No doubt about it, sweet honey infused with tasty, therapeutic herbs is by far one of the most delicious ways to harness the beneficial properties of this ancient sweetener AND nature’s array of healing herbs.
Help from the Hive
The golden “nectar of the gods” is both a legendary food and medicine. The story goes that ancient Greek Olympians ate honey to boost their physical performance and to give themselves an athletic edge. Apitherapy, the medicinal use of honey and other remedies from bees, have been practiced in Egypt, India, and several ancient cultures for centuries. Today, the sweet elixir is a prized, power-packed superfood that contains beneficial enzymes, antioxidants, vitamins, and minerals.
In fact, honey is a time-tested home remedy that:
- Restores energy
- Boosts stamina
- Soothes the throat
- Calms digestive distress
- Supports bronchial and respiratory health
And these are just the most common internal uses! Honey skincare remedies are as legendary as Cleopatra’s honey and milk baths, but that’s a blog for another time.
A Sweet Remedy
Herbal honey is a sweet treat you can add to tea, yogurt, toast, or enjoy by the spoonful! It’s an easy way to use herbs and is especially great for kids (though honey is not recommended for children under 2 years of age).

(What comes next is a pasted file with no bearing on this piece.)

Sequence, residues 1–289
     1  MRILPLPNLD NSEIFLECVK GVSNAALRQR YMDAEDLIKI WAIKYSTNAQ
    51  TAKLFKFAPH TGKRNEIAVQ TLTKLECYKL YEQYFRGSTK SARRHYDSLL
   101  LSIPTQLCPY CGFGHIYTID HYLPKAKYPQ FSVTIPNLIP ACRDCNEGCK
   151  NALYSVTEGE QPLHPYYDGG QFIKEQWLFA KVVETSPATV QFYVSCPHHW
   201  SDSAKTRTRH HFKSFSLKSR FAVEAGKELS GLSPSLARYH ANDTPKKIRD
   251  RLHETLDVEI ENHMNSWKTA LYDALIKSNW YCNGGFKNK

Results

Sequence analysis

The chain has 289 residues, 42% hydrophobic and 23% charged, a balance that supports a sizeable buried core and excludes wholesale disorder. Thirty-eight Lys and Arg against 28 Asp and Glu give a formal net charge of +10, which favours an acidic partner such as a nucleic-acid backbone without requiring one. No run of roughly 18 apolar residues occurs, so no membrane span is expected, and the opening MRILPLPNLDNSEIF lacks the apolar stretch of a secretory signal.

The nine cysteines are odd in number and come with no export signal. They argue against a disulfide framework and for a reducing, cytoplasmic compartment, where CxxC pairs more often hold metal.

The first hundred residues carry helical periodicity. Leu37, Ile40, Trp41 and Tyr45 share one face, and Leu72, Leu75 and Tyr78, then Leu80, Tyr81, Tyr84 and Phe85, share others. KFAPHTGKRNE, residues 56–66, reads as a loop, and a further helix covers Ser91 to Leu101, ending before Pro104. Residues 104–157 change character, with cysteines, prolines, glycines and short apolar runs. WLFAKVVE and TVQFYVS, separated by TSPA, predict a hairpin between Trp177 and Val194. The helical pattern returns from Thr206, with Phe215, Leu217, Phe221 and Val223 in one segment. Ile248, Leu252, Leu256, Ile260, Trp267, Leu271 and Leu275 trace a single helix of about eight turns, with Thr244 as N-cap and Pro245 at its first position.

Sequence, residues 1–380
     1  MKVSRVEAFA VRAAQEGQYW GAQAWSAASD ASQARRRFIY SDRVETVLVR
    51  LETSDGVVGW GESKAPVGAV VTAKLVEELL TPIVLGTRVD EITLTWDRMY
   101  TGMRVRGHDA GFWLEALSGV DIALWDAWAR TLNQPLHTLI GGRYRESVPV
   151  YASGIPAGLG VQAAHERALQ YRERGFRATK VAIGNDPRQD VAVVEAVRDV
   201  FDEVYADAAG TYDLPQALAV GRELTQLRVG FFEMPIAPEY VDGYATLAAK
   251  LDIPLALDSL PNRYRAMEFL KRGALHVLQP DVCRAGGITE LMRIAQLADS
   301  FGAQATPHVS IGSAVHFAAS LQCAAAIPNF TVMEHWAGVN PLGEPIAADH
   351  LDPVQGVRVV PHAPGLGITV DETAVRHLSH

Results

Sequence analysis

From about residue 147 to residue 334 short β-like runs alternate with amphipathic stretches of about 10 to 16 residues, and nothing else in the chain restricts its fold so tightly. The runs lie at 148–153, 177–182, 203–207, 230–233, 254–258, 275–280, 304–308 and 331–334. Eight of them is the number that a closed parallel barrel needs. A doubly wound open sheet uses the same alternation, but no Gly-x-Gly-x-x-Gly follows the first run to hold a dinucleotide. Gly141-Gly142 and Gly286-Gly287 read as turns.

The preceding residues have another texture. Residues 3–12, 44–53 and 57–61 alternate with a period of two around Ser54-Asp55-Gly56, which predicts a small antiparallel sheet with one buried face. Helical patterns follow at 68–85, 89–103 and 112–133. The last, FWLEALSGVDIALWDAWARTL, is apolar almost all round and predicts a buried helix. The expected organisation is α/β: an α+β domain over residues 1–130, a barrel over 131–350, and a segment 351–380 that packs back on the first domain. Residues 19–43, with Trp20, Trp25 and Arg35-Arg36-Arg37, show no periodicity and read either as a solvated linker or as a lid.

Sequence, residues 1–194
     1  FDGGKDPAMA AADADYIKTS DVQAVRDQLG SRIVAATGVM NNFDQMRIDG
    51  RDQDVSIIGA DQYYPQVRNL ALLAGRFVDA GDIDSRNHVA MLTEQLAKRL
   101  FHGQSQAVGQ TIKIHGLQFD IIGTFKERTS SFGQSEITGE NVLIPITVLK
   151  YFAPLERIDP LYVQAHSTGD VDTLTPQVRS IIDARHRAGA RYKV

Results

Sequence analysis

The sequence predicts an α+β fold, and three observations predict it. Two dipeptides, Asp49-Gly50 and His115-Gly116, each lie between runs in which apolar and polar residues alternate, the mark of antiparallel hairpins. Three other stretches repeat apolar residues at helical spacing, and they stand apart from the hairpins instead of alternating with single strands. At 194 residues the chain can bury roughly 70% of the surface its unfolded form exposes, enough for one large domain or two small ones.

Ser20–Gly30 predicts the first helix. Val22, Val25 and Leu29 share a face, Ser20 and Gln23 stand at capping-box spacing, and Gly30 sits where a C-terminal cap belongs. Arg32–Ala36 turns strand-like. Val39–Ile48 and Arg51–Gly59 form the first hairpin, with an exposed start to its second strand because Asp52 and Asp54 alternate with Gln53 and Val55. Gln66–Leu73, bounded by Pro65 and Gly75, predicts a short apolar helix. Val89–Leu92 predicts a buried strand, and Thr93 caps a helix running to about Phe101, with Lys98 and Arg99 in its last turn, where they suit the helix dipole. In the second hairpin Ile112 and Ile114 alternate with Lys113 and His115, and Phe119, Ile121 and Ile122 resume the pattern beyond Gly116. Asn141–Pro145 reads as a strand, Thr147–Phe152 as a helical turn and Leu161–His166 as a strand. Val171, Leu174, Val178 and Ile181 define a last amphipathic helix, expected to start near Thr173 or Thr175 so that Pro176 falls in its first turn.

You can use one herb or more for delectable flavor combinations. Some of the most popular and tastiest herbs to use are:
Homemade Herbal Honey
Over the years, our customers have shared their favorite ways to make this herbal remedy. We’ve found this basic recipe that is easy to follow and makes a small batch:
- 1-2 tablespoons dried herb
- 1 cup of honey
- Sterile glass jar
Place the dried herb in a jar and add enough honey to cover it completely; if using raw honey, you have to liquefy first by placing the jar in a bowl of hot water. Stir to coat herb thoroughly, then top off the jar with more honey. , then top off the jar with more honey. Cover tightly and store in a cool, dry place and allow the blend to infuse for at least 7-14 days (for a stronger-flavor let sit up to 30 days).
During this time turn the jar over at least once a day to ensure the herb is completely immersed in honey (you can add more honey if necessary). When it reaches your desired taste, strain, and enjoy.
Note: Admittedly, straining a honey blend is a sticky process, but to make it a little easier, I strongly recommend investing in a cone-shaped strainer (it’s a thing of beauty!) And as far the sweet residue left in the strainer, why not make a tasty brew?
What type of honey to use? Whatever you prefer really, though using local honey is most recommended. Around here, we love Fruitwood Orchards Honey, a family-owned and operated honey producers just 30 minutes outside of Philadelphia in Monroeville, New Jersey. Plus Pat Ryan, their “honey man” (pictured below) is super knowledgeable and passionate about honey and honeybees. We often have him in our store explaining the importance of bees for our environment, health, and wellbeing.
Do you have a recipe you would like to share with our community? How do you use herbal honey?